There was a Standard Open in Columbus last weekend, so last weekend's sales were influenced by an event as opposed to word of mouth. I'm not wasting any time here. Let's get into it.
Metallic Mimic didn't show up last weekend as far as I know; the card's appeal is mostly casual for now. Yahenni's Expertise wasn't nearly as impactful as I thought it'd be, but then again, control's a lot worse when there's no clear target to aim at. Yahenni's Expertise won't be under the radar for much longer; now's probably a good time to pick them up. A quick look at its price trend shows a steep drop from the weekend. Likewise, Gonti's Aether Heart wasn't an active player in this weekend's Standard action, but then again, the Opens are structured a little differently than Pro Tours; finding the best linear strategy is incentivized far less than just out-navigating dead money in midrange mirrors. Stuff like Gonti's Aether Heart is less likely to catch on on the Open circuit because the fail rate of decks like that is much higher than the fail rate of a deck that simply deploys creatures and backs it with a smattering of removal and card advantage. Gonti's Aether Heart is another buy-low card with casual appeal.
It didn't take long for Renegade Rallier to catch in Modern:
This list feels like it has a ton of three-drops. Renegade Rallier doesn't take the place of Kitchen Finks or Eternal Witness, but rather complements the two. Saffi Eriksdotter and Renegade Rallier plus any sacrifice outlet (Jupiter's list employs Viscera Seer) is a loop.
Last week, I wondered aloud which card would be more impactful in Aether Revolt Standard: Heart of Kiran or Aethersphere Harvester. Early returns indicate that Aethersphere Harvester is the pick, though the W/G Tokens decks and their bajillion Planeswalkers make much better use of Heart of Kiran. Aethersphere Harvester is really powerful, though; crew 1 and lifelink were important distinctions all weekend long.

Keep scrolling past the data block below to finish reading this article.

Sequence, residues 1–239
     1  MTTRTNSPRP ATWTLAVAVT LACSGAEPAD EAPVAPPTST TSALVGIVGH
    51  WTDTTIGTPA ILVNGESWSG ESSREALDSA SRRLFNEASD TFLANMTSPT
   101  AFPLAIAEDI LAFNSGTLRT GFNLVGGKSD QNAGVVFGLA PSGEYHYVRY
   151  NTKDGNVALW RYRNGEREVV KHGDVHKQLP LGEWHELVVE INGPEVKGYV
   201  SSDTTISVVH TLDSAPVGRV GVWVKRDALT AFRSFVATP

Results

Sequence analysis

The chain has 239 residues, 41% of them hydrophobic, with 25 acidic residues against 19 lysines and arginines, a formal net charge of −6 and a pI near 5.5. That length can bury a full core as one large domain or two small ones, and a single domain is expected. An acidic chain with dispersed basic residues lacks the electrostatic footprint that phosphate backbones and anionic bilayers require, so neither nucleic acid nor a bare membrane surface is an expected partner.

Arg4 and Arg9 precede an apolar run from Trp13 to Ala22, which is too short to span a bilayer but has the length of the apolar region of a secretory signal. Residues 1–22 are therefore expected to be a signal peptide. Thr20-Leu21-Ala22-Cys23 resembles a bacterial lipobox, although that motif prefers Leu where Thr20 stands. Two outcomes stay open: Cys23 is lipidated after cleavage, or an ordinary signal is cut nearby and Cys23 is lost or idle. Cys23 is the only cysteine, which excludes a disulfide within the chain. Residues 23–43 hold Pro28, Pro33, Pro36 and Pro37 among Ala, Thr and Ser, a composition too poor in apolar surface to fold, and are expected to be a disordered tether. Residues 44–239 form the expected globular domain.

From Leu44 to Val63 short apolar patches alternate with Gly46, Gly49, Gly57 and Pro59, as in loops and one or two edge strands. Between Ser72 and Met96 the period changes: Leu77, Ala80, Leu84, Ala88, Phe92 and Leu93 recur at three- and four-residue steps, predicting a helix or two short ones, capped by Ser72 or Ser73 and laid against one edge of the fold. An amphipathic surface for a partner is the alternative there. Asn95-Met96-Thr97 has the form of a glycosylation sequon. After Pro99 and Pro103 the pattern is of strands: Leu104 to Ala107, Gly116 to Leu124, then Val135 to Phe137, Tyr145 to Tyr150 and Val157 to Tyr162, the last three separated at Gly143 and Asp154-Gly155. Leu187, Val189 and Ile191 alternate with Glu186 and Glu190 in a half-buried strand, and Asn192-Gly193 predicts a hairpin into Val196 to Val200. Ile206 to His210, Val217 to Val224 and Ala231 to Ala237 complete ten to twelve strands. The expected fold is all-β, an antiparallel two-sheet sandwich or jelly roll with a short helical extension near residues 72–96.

At the very least, Spire of Industry is going to replace Glimmervoid in Modern Affinity. It's also going to play a role in Standard, supplying free colorless and fixing mana in decks like Mardu Vehicles. Spire of Industry is a strong card that will only get better as players get more familiar with Aether Revolt Standard and what decks are possible with a City of Brass that taps for colorless mana pain-free.
There were way more Disallows over the weekend than I was expecting. Only three Disallow decks made Top 16; maybe it only seems like Disallow's presence was bigger than it was because Jim Davis and his U/B Control deck got a lot of on-camera feature matches.
This deck is a total mystery to me. It's clear that Davis just wanted to play what he wanted to play, and that's great, but wowee is there not a lot of ways to beat an early Saheeli Rai here. Coming into a weekend where the deck to beat was a combo deck that featured Saheeli Rai heavily, I wouldn't be very inclined to play a draw-go hard control strategy. Davis finished X-4 en route to a Top 16 finish, but his on-camera losses were convincing. I salute him for his gusto, but there had to be something better to do last weekend than cast Inspiration and Cancel.